In 2010, the state legislature passed a law that required the ballot boards—tasked with approving and reviewing absentee ballots—to contain a sufficient number of election judges, appointed from lists submitted to the Secretary of State by the major political parties. The law also required election judges who examine absentee ballots to be from different major political parties.
That law passed almost unanimously, and was signed by then-governor Tim Pawlenty. The push for the law came from the 2008 election controversy between Al Franken and Norm Coleman. In that election, Coleman was initially declared the winner, but more votes that appeared made Franken the winner in a recount. Analysis has found that over 1,000 ineligible felons cast votes in that election too, in a race where Franken won by a mere 312 votes.
The reason the ballot boards are so important is that Minnesota will likely have a huge amount of absentee ballots cast in 2020. Already, a system of loopholes allows voters who have their voter-registration “challenged” by authorities, meaning they are probably ineligible to vote, still vote absentee and have their ballot counted. In the 2016 election alone, Minnesota had 26,000 votes cast where the voter had a “challenged” voter-status.
Yet Minnesota’s Democratic Secretary of State, Steven Simon, wrote a rule change to the statute requiring bipartisan ballot boards and judges, which essentially removes the requirement for “party balance” by allowing appointed bureaucrats to do the accepting and rejecting behind closed doors.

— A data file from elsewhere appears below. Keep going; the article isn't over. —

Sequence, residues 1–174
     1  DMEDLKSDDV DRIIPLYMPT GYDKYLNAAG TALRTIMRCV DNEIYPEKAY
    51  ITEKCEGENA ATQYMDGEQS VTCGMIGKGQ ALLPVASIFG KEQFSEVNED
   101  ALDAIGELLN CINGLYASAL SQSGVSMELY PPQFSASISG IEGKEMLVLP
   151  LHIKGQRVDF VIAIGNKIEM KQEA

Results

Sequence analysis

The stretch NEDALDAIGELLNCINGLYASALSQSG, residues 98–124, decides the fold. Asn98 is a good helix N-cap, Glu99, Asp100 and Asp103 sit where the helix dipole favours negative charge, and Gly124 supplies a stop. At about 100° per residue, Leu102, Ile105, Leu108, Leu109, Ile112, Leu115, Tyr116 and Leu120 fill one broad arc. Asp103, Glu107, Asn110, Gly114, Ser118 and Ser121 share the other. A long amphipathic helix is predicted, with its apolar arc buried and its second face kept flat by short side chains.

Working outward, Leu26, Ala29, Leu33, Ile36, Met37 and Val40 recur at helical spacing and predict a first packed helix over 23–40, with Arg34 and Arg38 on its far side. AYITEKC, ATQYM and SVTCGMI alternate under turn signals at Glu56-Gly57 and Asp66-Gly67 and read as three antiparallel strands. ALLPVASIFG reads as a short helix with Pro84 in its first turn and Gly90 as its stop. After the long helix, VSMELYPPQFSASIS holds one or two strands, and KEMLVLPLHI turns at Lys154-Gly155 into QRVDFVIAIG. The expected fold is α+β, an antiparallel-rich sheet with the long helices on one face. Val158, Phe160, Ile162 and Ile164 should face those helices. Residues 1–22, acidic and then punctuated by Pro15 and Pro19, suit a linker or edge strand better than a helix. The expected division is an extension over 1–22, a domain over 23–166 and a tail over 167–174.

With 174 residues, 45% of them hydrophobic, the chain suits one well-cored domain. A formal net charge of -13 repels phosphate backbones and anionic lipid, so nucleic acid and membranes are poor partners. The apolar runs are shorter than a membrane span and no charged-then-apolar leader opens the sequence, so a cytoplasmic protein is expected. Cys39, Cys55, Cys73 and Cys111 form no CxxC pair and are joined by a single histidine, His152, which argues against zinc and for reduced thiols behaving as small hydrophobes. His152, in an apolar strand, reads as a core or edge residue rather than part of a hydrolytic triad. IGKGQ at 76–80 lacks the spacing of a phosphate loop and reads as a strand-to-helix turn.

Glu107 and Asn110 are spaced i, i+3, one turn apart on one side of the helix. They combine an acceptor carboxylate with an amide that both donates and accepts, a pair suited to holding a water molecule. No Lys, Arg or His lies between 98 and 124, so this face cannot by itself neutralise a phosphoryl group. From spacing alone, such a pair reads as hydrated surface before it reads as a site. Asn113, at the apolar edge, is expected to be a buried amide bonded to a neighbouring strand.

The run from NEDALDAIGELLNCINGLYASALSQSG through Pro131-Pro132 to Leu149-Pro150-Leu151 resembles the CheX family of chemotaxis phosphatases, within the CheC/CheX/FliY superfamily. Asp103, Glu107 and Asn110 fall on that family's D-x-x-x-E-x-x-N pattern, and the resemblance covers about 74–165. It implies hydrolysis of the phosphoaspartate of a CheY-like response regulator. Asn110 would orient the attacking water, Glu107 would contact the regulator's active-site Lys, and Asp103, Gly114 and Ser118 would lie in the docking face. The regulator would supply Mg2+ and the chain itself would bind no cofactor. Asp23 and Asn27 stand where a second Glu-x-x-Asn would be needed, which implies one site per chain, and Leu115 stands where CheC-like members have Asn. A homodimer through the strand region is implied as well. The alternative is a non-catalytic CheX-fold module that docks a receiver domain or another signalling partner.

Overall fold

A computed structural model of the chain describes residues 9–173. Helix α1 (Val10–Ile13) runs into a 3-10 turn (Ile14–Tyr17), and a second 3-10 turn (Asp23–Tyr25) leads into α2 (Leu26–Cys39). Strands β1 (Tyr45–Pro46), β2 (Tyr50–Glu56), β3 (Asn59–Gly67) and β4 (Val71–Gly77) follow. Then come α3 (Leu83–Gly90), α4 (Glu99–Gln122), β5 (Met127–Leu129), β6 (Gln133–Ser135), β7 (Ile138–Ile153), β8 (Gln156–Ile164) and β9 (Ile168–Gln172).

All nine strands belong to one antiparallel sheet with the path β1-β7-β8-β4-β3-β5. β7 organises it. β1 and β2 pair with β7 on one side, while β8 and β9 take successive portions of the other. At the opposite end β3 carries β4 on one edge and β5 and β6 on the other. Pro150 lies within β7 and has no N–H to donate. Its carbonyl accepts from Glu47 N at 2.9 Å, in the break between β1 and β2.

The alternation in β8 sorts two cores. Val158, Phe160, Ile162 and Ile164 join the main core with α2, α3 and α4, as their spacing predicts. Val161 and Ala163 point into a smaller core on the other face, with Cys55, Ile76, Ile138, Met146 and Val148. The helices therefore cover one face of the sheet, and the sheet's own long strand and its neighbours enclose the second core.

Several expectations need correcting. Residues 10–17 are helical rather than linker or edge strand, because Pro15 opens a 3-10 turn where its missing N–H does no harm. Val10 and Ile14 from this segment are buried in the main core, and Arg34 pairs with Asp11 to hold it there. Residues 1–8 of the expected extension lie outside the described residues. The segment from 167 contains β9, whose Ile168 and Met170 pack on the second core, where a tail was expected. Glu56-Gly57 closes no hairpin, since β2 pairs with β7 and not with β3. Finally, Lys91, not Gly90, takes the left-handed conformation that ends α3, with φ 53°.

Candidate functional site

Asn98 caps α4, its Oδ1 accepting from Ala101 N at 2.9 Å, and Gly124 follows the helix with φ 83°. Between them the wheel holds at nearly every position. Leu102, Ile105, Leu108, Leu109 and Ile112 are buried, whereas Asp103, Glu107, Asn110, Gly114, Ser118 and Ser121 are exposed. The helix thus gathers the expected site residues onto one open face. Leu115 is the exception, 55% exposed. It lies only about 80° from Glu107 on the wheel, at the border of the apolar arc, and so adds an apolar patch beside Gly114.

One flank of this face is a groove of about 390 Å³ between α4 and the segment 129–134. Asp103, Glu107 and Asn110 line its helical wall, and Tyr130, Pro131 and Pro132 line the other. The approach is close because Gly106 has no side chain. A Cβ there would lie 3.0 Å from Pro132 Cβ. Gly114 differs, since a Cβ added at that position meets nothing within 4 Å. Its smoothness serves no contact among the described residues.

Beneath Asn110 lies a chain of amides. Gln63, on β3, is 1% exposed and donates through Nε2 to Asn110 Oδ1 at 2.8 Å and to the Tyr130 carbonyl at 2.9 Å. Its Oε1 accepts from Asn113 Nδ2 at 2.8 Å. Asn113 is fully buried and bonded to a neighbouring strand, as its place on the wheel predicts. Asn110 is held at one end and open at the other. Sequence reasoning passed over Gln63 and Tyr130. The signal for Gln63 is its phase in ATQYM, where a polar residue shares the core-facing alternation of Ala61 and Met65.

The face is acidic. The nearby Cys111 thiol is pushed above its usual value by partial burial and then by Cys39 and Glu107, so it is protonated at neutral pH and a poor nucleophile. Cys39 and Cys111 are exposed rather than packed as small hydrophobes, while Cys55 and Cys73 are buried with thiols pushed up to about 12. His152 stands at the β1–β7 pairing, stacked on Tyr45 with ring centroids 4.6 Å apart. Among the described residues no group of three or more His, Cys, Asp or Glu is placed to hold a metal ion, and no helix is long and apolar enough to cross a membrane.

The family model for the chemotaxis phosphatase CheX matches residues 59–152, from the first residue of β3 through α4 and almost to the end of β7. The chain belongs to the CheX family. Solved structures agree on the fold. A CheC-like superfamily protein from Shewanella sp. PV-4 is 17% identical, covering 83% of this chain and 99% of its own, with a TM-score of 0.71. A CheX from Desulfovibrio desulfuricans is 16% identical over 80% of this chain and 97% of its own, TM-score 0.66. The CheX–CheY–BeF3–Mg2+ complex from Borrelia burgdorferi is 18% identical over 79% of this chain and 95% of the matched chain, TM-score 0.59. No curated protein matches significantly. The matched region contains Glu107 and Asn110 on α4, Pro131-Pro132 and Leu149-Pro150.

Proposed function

According to the Minnesota Voter’s Alliance (MVA), Simon’s rule “has effectively eliminated election judges from being able to perform the primary duties of the ballot boards, namely, accepting and rejecting absentee ballots, by subtly creating an exemption that doesn’t exist in the law.”
MVA continues: “In fact, the legislature rejected a similar exemption in 2009 and again in 2013 that would have allowed city or county staff to do the do the accepting and rejecting of absentee ballots. But that did not stop Secretary of State Simon from going around the legislature.”
MVA says that there will likely be over one million absentee ballots cast this November, and many of them “will be accepted or rejected by unlawfully appointed partisan bureaucrats, without regard” to the law’s party balance rules.
Because of this, MVA, along with several state representatives and election judges, has filed suit seeking a declaratory judgement at the Minnesota Court of Appeals to rule that the “Secretary of State’s published rule 8210.2450, is in direct conflict with Minnesota Statute 203B.121, and must be declared invalid.”